Panasonic Lumix DMC-TS5
It was that time of the year again. That time to go far away from the concrete jungle that is New York City, to a place with white-sanded beaches, sky blue waters and lots of delicious eats. This time, though, I left my Canon PowerShot D20 at home and brought the Panasonic Lumix DMC-TS5 instead.
Not only does Panasonic's all-terrain point-and-shoot camera feature better specs than Canon's offering (namely, the 16.1-megapixel MOS sensor, Leica DC Vario-Elmar lens and wireless sharing), but it never hurts to try new things. On paper, the TS5 definitely appears to be the better option, though the D20 has nothing to be ashamed of -- especially when it costs about half as much and is over a year old at this point.
But let's cut to what really matters: picture and video quality. As you would expect (and hope) from a $399 ruggedized shooter, the Lumix TS5 takes some sharp, well-balanced shots, thanks in large part to that high-sensitivity sensor and Leica optics. This includes images I took in the pool and ocean, where Panasonic relies on modes such as Advanced Underwater to keep things stabilized and as clear as possible. Video, on the other hand, is merely "okay," but I honestly wasn't expecting much out of the TS5 -- the 1080p (at 60 or 30fps) is nothing to write home about, with footage often looking rather choppy and high in contrast.
Still, what matters to me is how much fun one can have using a camera like the TS5. Yes, photos and videos weren't the best, but I could've never put my DSLR through many of the scenarios a beach resort demands. Of course, I also would've been just fine taking the less expensive PowerShot D20 -- but hey, there's something about that orange color...
-- Edgar Alvarez
iBattz iPhone 5s cases
Every so often, I end up somewhere your average smartphone isn't supposed to go. But here's the thing: I carry an iPhone, and I feel quite naked without at least one pulsing connection to the internet on my person. As fragile as the iPhone is, folks who find themselves in situations such as this are pretty fortunate: there's a ton of accessory outfitters out there offering cases that are engineered to handle the elements. After picking up an iPhone 5s, I had the chance to test out a pair of cases from iBattz.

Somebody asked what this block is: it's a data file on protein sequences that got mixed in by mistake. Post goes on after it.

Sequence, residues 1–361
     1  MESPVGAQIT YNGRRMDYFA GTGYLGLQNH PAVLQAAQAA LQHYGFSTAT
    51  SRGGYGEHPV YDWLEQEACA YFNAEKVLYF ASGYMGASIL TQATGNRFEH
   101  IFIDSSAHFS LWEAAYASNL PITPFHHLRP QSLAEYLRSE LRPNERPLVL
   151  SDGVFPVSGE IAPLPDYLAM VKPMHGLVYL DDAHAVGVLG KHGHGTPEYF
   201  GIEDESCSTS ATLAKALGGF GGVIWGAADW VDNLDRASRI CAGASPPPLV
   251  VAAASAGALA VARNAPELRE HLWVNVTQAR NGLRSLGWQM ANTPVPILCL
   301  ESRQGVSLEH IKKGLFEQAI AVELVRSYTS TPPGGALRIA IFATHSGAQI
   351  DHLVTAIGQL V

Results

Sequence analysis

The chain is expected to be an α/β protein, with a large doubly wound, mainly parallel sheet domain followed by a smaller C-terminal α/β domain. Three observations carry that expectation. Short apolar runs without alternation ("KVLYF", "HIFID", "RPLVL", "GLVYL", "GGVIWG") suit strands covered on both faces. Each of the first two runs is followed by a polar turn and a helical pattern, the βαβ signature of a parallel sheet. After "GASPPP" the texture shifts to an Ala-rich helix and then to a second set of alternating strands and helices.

The Mojo Refuel Armor and the Mojo Refuel Aqua (said to be the world's first waterproof removable battery case) both ship with a standard I9300 battery. This is interesting for one primary reason: it's a fairly standard cell, which is user-replaceable. Most iPhone battery cases ship with a sealed battery, so if you're the type that plans on breaking free from power plugs for weeks on end, there's some allure to iBattz's approach. Both are capable of doubling the life of one's iPhone 5 or 5s, and without question, these are the most insanely rugged iPhone cases I've encountered. The upside? You could probably spike your encased iPhone with the force of one Rob Gronkowski, and the handset would be no worse for the wear. The downside? These cases are positively enormous. As it turns out, it takes bulk to provide protection.
I love the fact that the Aqua allows full access to the screen, however. While it's obviously designed for dips in the ocean, novices who frequent ski resorts could put it to use as well. At $74.95-plus, neither of these come cheaply, but the MSRP stings a little less if you look at it as an investment in security. All that said, you can forget about using your fingerprint sensor with these cases on -- I suspect that's something I'll end up saying about nearly every protective iPhone case that comes out, though.
-- Darren Murph